I still like to use the word Fuck because sometimes situations just demand it.
If you're on FB you've seen the George Takei take down of Mayor David Bowers who decided in the wake of the Paris attacks to cite Japanese American Internment as a good thing.
And if by chance you didn't see it - get caught up.
This sounds like a great project and film that is in the works on 11-time Jeopardy! champion and internet iconoclast, Arthur Chu. They've received some help from the Center for Asian-American Media, and the film is also a sponsored project of the International Documentary Association.
Now they just need some help crossing the finish line - so help them out if you can @ Indiegogo.
Our film will be an intimate character study of a singular individual, coming into his own at a critical juncture in history. Arthur’s story bridges traditional media with online media. He is an Asian-American who grew up in an immigrant family, and went on to shatter previous notions of the model minority. From the Music and Gaming Festival in Washington DC to a conference in Silicon Valley; from his quiet existence in Cleveland, Ohio with his wife Eliza, to Taipei, Taiwan where he reunites with his extended family, Arthur engages candidly with everyone around him. His journey redefines the American dream on his own terms.
Here's the trailer
Check more out about the film at arthurchufilm.com as well as donate @ Indigogo.com.
Sure - it just got financed - but that won't stop me from pining about it until it gets out (even though I'm still waiting for "Shanghai, I Love You"...).
Okja follows a Korean girl who befriends a kindhearted monster. (The title refers to the name of the monster.) The film splits its time between the U.S. and Korea. Gyllenhaal, Swinton, Nighy, Paul Dano, and Kelly Macdonald play supporting characters in scenes set in New York City. Casting is still underway for the lead role of the girl, who hails from the South Korean province of Gangwon-do.Oh yeah.
Said Bong in a statement:
It really is a fantastic opportunity for me as a filmmaker. For Okja, I needed a bigger budget than I had for Snowpiercer and also complete creative freedom. Netflix offered me the two conditions that are difficult to have in hand simultaneously.
It's Travis Atreo Covering The Song Perfect (And It's Well...Perfect) + Kathleen Nguyen Covers It Pretty Ummm...Perfect TooFriday, November 13, 2015
And about 10,000 views already in 1 day say it's not just me.
Just because I can (and about 190K already have).
Shonda Rhimes' Perception On Characters She Could Identify With - And The Difference For Asian AmericansFriday, November 13, 2015
I was listening to this story in the car which you can also listen to hear (sorry...) and one of the pieces I found interesting was when Rhimes was asked a question about characters she could identify with she said (paraphrased - with the actual words around 28:05):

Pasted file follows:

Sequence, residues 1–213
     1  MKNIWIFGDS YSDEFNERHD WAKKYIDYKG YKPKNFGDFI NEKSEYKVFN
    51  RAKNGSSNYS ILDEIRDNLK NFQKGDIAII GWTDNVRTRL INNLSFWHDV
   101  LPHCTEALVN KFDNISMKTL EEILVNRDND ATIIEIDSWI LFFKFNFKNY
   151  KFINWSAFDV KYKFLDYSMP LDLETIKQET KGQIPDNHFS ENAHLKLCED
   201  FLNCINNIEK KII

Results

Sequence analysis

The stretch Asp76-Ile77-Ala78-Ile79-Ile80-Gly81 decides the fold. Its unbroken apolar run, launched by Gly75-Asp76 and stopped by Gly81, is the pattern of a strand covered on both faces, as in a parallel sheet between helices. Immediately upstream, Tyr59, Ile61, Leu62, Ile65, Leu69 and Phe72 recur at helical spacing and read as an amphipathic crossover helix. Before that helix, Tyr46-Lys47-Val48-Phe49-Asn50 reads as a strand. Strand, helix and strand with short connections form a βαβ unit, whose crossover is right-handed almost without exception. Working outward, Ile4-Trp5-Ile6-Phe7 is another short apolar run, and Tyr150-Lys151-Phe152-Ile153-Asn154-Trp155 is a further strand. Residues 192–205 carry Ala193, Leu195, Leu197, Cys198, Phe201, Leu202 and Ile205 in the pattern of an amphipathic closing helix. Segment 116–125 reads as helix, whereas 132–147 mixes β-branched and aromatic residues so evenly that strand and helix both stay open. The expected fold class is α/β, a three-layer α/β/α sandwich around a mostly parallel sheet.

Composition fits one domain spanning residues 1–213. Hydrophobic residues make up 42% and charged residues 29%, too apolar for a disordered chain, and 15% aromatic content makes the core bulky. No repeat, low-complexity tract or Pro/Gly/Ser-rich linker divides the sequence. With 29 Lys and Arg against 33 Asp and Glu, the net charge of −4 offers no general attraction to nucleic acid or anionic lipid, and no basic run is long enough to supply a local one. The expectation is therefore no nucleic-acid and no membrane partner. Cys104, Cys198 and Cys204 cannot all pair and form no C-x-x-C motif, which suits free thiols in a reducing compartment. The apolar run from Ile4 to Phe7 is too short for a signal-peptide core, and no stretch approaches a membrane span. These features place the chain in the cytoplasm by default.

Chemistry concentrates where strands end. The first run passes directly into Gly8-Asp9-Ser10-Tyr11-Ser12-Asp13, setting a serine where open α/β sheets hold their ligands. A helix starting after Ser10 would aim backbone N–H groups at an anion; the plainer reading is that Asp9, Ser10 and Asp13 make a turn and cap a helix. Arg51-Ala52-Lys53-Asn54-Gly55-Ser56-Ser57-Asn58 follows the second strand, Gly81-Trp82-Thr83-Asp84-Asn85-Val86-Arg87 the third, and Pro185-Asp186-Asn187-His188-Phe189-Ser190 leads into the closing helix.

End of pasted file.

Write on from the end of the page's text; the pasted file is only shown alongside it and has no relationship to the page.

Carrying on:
Oprah was ruling day-time television, Cosby was ruling night-time television, Whoopi Goldberg was ruling Broadway, Eddie Murphy was ruling the movie theaters, in the late 1980's when I was a teenager and decided what I wanted to be...so to me everything felt very possible.
I think it's great that this can be said and shows at least a portion of what is possible from a racial acceptance perspective.
Because we should be able to say something like that.
Someone like a Shonda Rimes should be able to say that - to be inspired that way.
But the same thing can't be said from an Asian American perspective.
Not from that time period.
And I question if that statement will ever be able to be said in that way or if it can already be said with more shows, filmmakers and directors, writers - all who have AAPI roots.
I don't think it would be quite the same - but media, the amount of media, the way it's consumed might beg to differ.
I'll have to ponder that one for a while...
Didn't get around to posting this until now but the fest started tonight and runs through November 22nd so you have more than enough time to check out 60+ films and programs (23 feature films and 37 short films) as well as discussions and events on music, culture, and food.
Check out the full line-up at the PAAFF site.
Once I get my latest RAID array setup for media files and I go through duplicates and get everything databased I'll have a better idea, but I feel like it's considerable - music, music videos, short films, films, tv shows, clips, etc.
I've always liked to do this for what I do it for - but amassing a nice library of APIA digitals - it's just nice.
And by retro I mean a couple months ago.
You have to visit Tower Records when you're in Tokyo.
APIs for Equity and Diversity: University of Minnesota Asian American Students Lead Peaceful Protest For RepresentationWednesday, November 11, 2015
This is great to see and read about (thank you Kare 11 where I also got the above pic). When I was at the U of M I was just worried about not sleeping in to miss my Tuesday and Thursday classes.
The student group, called APIs for Equity and Diversity, protested outside McNamara Alumni Center where the Office for Equity and Diversity (OED) hosted an annual breakfast. The students timed their protest to get the attention of the alumni, stakeholders and university officials gathered.Read it in full here.
Ken Gonzales, a senior born in the Philippines, and junior Kaochi Pah, who is Hmong, led what the group called a day of action, called #StepUpOED. They asked Office for Equity and Diversity to work harder to represent more Asian American Pacific Islander students on campus.
"As a Hmong student I always felt marginalized already [...]"
So I've only watched about 1/2 the season so far - but I can tell that it's awesome.
Literally everything I want in a comedy that features Asian Americans and POC.